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Dopamine’s Effect on Adolescent Personality

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Dopamine’s Effect on Adolescent Personality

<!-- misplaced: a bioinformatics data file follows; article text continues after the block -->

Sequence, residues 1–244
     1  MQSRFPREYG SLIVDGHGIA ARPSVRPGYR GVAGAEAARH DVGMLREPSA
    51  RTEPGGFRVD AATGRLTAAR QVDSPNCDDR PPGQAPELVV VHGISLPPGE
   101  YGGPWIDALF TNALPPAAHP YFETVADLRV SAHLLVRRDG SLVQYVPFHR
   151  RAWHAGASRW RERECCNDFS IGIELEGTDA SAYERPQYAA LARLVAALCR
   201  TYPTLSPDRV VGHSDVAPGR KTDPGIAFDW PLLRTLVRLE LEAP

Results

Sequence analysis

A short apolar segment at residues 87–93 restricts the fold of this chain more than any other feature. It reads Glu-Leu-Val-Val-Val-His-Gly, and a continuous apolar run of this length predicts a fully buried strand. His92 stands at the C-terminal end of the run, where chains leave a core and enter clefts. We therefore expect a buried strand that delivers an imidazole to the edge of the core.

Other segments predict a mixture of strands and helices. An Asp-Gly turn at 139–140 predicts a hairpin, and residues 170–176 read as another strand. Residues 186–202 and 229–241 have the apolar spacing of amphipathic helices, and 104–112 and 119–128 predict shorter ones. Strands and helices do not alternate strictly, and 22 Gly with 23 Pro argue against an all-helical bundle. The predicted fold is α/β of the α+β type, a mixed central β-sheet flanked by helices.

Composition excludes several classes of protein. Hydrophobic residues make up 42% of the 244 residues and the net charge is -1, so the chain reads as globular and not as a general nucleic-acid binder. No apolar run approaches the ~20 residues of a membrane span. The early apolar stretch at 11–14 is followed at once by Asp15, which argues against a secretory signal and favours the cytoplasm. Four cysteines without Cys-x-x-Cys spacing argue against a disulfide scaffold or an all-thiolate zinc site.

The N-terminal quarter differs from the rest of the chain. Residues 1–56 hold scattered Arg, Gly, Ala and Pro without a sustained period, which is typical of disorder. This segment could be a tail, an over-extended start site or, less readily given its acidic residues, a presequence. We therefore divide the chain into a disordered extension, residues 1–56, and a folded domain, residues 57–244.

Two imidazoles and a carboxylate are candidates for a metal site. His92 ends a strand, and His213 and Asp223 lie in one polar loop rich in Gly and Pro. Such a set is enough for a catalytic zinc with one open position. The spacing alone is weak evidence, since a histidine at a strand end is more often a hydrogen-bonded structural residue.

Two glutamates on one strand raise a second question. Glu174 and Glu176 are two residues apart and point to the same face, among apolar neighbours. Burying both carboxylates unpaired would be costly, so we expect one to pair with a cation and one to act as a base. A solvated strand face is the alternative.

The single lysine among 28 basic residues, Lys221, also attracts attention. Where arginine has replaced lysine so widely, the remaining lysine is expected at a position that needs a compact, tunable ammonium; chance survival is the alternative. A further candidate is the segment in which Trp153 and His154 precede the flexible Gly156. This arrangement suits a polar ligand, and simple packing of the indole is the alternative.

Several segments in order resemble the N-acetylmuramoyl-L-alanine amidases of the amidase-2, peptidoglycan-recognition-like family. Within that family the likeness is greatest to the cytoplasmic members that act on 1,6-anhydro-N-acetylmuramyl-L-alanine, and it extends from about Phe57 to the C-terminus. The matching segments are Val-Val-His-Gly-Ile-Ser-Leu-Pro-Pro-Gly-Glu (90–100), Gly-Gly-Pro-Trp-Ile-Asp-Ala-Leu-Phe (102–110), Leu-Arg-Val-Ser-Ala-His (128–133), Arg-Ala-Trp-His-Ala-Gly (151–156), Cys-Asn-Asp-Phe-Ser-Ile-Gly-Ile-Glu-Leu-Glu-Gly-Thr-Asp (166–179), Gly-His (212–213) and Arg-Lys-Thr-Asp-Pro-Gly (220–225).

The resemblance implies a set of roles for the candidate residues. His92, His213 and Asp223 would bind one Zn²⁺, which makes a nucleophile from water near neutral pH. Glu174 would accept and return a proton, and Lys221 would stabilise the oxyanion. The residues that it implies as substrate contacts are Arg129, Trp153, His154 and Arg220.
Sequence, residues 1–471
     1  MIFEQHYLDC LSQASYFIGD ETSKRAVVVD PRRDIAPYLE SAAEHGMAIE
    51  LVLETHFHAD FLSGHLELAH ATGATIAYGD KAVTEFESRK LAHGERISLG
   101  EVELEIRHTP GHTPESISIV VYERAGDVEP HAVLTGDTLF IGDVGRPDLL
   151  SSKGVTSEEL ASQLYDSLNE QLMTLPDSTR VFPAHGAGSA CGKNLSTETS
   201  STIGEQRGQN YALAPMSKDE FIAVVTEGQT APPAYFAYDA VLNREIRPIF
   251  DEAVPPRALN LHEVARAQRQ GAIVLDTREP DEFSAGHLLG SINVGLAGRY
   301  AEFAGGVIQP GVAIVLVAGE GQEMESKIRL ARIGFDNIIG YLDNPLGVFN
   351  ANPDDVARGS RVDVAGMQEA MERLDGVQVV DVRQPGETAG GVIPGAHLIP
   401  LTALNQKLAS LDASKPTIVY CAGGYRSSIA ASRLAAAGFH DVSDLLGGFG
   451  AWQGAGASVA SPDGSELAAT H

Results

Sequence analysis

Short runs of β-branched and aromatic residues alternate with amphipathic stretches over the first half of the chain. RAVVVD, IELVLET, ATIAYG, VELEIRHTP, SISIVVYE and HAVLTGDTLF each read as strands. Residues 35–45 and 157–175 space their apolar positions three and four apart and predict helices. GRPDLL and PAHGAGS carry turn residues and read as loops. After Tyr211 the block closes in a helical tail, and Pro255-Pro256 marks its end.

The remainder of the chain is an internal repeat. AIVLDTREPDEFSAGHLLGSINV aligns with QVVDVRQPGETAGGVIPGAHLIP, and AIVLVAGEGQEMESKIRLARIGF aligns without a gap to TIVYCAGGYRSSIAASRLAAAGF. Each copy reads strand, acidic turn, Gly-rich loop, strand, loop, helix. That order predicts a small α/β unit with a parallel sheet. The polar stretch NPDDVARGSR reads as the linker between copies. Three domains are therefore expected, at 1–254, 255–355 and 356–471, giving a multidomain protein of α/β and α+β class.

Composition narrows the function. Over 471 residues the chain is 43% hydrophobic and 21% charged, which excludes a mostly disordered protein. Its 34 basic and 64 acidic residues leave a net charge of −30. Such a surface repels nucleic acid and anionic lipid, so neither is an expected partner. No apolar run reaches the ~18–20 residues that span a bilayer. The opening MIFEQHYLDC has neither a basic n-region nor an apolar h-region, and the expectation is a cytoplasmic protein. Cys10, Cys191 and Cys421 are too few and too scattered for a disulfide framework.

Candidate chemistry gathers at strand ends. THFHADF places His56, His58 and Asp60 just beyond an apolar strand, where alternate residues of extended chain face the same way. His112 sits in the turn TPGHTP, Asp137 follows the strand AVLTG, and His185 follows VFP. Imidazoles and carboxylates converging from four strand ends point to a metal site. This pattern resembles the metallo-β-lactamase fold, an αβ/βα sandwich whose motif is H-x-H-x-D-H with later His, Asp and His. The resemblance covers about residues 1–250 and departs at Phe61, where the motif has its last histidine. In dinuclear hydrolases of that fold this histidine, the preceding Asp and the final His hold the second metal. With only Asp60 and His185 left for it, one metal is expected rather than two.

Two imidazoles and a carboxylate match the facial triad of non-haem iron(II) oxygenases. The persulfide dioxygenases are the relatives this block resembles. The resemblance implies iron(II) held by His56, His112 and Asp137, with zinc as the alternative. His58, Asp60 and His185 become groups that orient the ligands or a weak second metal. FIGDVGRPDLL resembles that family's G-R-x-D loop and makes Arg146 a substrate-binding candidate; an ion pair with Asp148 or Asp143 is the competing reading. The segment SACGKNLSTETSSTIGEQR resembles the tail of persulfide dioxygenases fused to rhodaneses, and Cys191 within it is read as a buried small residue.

Dopamine’s Effect on Adolescent Personality Dopamine is defined as a neurotransmitter in the central nervous system, retina, and sympathetic ganglia, acting within the brain to help regulate movement and emotion. Researchers have become intrigued with this neurotransmitter especially its effect on the personality of adolescents. The effects of dopamine levels and the presence of certain dopamine receptors on the likelihood of adolescent alcohol consumption have developed quite a debate amongst researchers. Next, researchers have been studying the effect of dopamine on children’s personal incentive motivations, and the personality changes due to the neurotransmitter. Finally, the effect on dopamine on the personality of children diagnosed with attention deficit/hyperactivity disorder has been thoroughly tested. According to van der Zwaluw, Larsen, and Engels (2012), children are no longer assumed to be only influence by peers when it comes to alcohol consumption. The dopamine D4 receptor (DRD4) has been found to be associated with the susceptibility of alcohol consumption. This concept has been highly scrutinized and tested, because the researchers have seemingly found a genetic disposition for alcoholism. According to Lee and Humphreys (2014), not only does the presence of the DRD4 gene raise the likelihood of drinking, but it also allocates the adolescent a positive experience with alcohol. The positive experience is associated with enjoyment, lack of guilt, and probable continued use. According to Depue, Luciana, Arbisi, Collins, and Leon (1994), the genetic factors of personality are affected by a number of neurotransmitters, but dopamine is the most closely associated with addiction. Dopamine is associated with addiction because it is released when the brain associates an action as “good.” Alcohol, though harmful to the brain, manually releases the dopamine and gives the consumer a high, or drunk in the case of alcohol. With over exposure to alcohol the brain becomes dependent on the increased dopamine leading to addiction. The fact that a genetic factor has been found to be associated with alcoholism in young adults, leads one to believe that it can be prevented or even cured. Incentive motivation refers to the energizing of instrumental behavior by anticipation of reward acquisition. According to Luciana, Wahlstrom, Porter, and Collins (2011), studies show children often find increases in incentive motivation when they reach adolescence, but children with high levels of dopamine do not receive the same satisfaction of completing a task in hopes of receiving something. The good feeling that comes with completing a task is usually associated with the release of dopamine, the same neurotransmitter released with tobacco and alcohol use. Why do children with high levels of dopamine not have increased incentive motivation? According to Dragan, Oniszczenko, Czerski, and Dmitrzak-Węglarz (2012), high levels of dopamine in adolescents can cause complacency, and lack of motivation. Patients with high levels of dopamine were said to be less responsive to the competitive portion of the testing, and more likely to give up on a difficult problem. However, people with low levels of dopamine seem to show a direct correlation of low dopamine and novelty seeking. The patients with low dopamine (ages 13-16) were 42% smokers, and 61% stated that they have consumed alcohol at least once before.